The Social Side Of Tango Dancing
Most people consider tango as being incredibly romantic. They dream about nicely dressed, stylish dancers holding a red rose between their teeth and doing short and rapid moves with their heads. The truth is that tango dancing is very technical and quite difficult. You can’t afford even one single moment to relax and let your mind roam freely. You need to feel the music and to stay focused on your partner at any given time.
This need for focus makes tango dancing a social activity. This isn’t something you can do alone, in the silence of your room, on a pristine beach or wherever else you may wish. Tango dancing involves your integration into a social community of like-minded people. It means taking part in milonga evenings and in many other events in your community. Although you may not be able to have a meaningful conversation with your dance partner, you’ll communicate to each other through showing your intentions and following the intentions of each other. Men need to drive, but they have to allow women to do that beautiful boleo and all other elegant moves that make this style so appreciated by people from all over the world. Women are free to do all these cute things that make them feel romantic and awaken the romantic spirit in their audience. However, the also need to detect the intentions of the leader, and follow in grace. This may appear easy, but it’s actually difficult. We have a student in our class that is a quick learner. He owns a lawn care service (www.acculawnmpls.com) and he noted that each and every pair of dancers has to observe the moves of other pairs in the room, in order to avoid incidents. You can lift your leg it the air in a beautiful move, but if you hit another couple during the dance, you’re going to ruin all the pleasure. Whenever one of the partners moves backwards, which is a common situation in tango, the other has to do everything it takes to avoid collisions with other dancers on the stage. You can’t dance without being 100% involved in your community, this being the ultimate social aspect of tango dancing.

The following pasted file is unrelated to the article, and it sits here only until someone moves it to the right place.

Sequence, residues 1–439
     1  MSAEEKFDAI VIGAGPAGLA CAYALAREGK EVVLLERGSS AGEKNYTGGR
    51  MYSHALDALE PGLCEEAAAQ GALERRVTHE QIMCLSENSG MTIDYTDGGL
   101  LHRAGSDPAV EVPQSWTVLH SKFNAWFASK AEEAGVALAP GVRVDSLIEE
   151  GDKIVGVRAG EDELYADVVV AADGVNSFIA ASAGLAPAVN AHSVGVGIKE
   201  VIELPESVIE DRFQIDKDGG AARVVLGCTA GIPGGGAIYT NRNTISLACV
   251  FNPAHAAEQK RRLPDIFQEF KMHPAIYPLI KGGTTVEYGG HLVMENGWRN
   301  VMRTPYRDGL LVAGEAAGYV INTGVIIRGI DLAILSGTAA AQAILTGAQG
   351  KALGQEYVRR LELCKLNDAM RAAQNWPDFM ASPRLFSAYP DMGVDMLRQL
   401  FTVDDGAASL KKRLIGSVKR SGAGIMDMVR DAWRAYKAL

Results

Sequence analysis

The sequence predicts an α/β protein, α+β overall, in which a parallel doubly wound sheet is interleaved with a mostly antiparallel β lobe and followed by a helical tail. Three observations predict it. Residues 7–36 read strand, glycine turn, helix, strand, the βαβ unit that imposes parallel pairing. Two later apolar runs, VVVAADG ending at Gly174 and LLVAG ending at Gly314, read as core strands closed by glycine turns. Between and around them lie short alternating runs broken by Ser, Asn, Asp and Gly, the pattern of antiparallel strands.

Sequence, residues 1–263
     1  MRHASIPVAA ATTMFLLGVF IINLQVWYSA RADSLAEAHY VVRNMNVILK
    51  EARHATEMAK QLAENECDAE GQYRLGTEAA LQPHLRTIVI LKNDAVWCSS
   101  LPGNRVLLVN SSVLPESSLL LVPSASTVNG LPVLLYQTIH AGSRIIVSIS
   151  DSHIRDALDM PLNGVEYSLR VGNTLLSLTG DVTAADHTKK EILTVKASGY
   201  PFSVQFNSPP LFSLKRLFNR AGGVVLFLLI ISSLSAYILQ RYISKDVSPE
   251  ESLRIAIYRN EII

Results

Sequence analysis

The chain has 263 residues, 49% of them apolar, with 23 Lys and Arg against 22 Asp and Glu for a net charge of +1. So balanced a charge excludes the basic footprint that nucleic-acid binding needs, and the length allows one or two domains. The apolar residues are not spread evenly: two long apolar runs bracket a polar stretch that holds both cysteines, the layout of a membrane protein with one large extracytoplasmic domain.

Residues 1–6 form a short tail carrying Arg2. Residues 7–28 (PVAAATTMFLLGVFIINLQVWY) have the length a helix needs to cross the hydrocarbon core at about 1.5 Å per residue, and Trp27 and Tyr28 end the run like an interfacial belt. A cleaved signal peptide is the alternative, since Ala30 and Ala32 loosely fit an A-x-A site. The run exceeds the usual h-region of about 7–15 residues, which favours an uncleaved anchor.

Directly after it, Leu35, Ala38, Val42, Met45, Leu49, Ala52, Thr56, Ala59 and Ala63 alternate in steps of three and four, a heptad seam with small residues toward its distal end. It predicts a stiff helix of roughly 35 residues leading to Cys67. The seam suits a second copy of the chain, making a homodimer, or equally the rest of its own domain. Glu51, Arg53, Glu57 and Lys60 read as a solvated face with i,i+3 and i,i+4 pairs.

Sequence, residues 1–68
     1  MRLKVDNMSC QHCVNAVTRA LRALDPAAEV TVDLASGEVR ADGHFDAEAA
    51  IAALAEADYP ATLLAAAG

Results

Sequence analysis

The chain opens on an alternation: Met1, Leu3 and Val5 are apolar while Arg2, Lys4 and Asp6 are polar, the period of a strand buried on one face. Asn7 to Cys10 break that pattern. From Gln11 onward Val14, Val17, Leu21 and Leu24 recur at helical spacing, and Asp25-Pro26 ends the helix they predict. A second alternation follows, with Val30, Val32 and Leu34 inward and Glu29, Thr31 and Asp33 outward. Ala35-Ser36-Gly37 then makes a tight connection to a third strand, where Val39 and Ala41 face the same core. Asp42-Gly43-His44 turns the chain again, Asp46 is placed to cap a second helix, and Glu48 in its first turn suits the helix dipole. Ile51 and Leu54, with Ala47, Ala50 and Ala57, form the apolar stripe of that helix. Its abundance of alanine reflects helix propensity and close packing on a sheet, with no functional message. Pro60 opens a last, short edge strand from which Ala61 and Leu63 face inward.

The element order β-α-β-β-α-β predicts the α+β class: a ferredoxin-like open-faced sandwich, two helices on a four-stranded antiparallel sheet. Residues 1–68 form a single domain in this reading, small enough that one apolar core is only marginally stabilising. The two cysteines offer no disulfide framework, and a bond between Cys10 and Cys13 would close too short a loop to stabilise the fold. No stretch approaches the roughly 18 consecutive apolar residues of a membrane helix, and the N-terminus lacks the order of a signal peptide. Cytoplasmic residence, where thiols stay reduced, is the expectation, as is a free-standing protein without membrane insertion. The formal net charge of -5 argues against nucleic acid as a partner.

Tango dancing requires a lot of study and many years of practice before the dancers become able to feel it as their second nature. Since all this learning occurs in the presence of dance partners, we can safely consider tango as having an important social component. Whether it is also romantic or not, it’s another story.